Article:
Many of us go to bed late, wake up feeling tired, and end up feeling sluggish for the rest of the day. The inconsistency in the sleep schedules of today’s generation is causing an increase in overall sleep deprivation among the general population. Instead of attempting to sleep earlier every night and failing each time, try going on a week excursion outdoors. A recent study conducted by researcher Kenneth Wright and his team found that spending a week camping outdoors could reset our body clocks, fix our sleep schedules, and get us more sleep.
Our body clocks, also known as our circadian clocks, tells our bodies when it is time to wake up and go to sleep. This internal clock is tracked by measuring how much melatonin is present in our blood at specific times. A person with a healthy circadian clock would have melatonin levels that correspond to the natural biological night. They would have higher levels of melatonin before bedtime and throughout the night and lower levels of melatonin before they wake up. Due to modern day advancements, the night we are used to is not same as the biological night of the natural world. The biological night of the natural world begins at sunset and ends at sunrise. Because most of us have a biological night begins much later than the natural biological night, our melatonin levels will still be relatively high during sunrise, when our melatonin levels are supposed to be low.
Light affects human physiology and behavior as it plays a key role in human cognition, sleep, vitamin D synthesis and physical activity. Modern day advancements, particularly in technology and electricity, have increased the amount of time we spend indoors. This leads to an increased usage and dependence on electrical light rather than on natural light, ultimately interfering with our sleep schedules and circadian clocks.
Conducted in July of 2013, Dr. Kenneth Wright and his team conducted a study that tested for how our circadian rhythms are affected by electricity and natural light. They sent out eight participants, in their 20s and 30s, on a two-week camping trip in the Rocky Mountains, in which they were allowed to use electrical lighting for the first week and only natural lighting for the second week. The participants were allowed to manage their own daily routines in the first week, including school, work, social activities, sleep schedules and exposure to indoor and outdoor light. During the second week, however, the participants had to camp outdoors in tents and were only allowed to use natural sources of light.
The researchers measured for two factors: the amount of light exposure received by the participants and melatonin levels in the participants. Although participants were exposed to more natural light than usual for both weeks, the amount of natural light exposure was higher in the second week. As expected, melatonin levels increased closer to sunset during the second week and decreased right after sunrise. On average, melatonin levels rose more than an hour earlier than usual. Exposure to natural light also stabilized the timing of melatonin rhythm and onset among the participants.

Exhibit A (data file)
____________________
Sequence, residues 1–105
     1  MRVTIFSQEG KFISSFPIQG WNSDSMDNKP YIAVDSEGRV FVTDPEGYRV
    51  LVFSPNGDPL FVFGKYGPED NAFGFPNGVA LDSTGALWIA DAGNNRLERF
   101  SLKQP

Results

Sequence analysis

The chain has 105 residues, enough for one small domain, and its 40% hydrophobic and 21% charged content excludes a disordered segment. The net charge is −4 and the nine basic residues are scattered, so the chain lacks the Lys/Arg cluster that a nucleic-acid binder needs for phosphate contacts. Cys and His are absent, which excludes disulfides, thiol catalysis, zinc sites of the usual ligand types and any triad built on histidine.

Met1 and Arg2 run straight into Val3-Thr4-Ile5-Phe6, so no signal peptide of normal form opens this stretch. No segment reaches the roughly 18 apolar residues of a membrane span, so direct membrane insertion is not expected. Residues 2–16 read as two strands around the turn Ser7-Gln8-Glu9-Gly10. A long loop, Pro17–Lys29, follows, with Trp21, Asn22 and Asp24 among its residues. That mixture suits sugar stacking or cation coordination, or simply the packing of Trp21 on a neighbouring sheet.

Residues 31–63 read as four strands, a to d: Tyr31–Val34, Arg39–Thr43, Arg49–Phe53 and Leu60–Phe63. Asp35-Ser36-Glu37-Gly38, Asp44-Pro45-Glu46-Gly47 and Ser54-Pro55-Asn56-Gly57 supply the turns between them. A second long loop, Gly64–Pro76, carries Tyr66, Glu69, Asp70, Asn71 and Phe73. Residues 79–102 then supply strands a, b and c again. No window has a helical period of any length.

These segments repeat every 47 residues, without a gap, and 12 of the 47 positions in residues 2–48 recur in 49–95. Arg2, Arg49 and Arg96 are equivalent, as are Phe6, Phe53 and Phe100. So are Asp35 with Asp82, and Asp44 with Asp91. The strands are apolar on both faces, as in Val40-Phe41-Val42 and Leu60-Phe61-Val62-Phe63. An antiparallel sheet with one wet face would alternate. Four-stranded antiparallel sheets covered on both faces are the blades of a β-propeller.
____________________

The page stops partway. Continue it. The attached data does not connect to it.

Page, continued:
To conclude from the research findings, increasing exposure to natural light during the day and decreasing exposure to electrical light during the night is the best way to reset our circadian clocks.
I had some difficulty writing the summary in the beginning, since I wasn’t sure whether I should follow the content of the pop culture article or the scholarly research article. I ended up basing my content on the scholarly research article but wrote the summary in the style of the pop culture article. Because I was writing in the style of a pop culture article, I had to break down a lot of the details and jargon present in the scholarly research article. Another main obstacle I experienced while writing the summary was that I did not have interviews that I could incorporate into it, in order for it to be like a pop culture article. The lack of interviews in my summary is also a significant difference between my summary and the original article. Not having interviews made it difficult to make the summary more original and appealing to readers. My summary, however, presented the study in a more condensed and concise fashion that was more comprehensible to readers, similar to the original article.
As I had mentioned earlier, it was particularly difficult for me to write the summary in the style of a pop culture article and through the perspective of a journalist. Based on my previous experience in newspaper and journalism during my junior year of high school, it is very important to include primary and direct sources in our articles, unless the article is an opinion piece. These sources are often obtained through interviews and quoting direct quotes. Journalists often write to the general population, whether it is to appeal, to inform, or to persuade. In original pop culture article, the journalist had persuasive tone that encouraged the public to go out and try camping. The journalist also incorporated a title that is aimed towards people seeking for a solution to their sleep schedules, hence the “how to” title. As a result, my summary was not able to compare to the pop culture article, as the content did not match to how a journalist would write it.
Netburn, Deborah. “How to Reset Your Body Clock – and Get Better Sleep – with Hiking Boots and a Tent.” Los Angeles Times, Los Angeles Times, 2 Feb. 2017, http://www.latimes.com/science/sciencenow/la-sci-sn-camping-better-sleep-20170202-story.html. Accessed 23 Feb. 2017.
Wright, K., McHill A., Birks B., Griffin, B., Rusterholz, T., Chinoy, E., (2013, August 19). Entrainment of the Human Circadian Clock to the Natural Light-Dark Cycle. Retrieved March 23, 2017.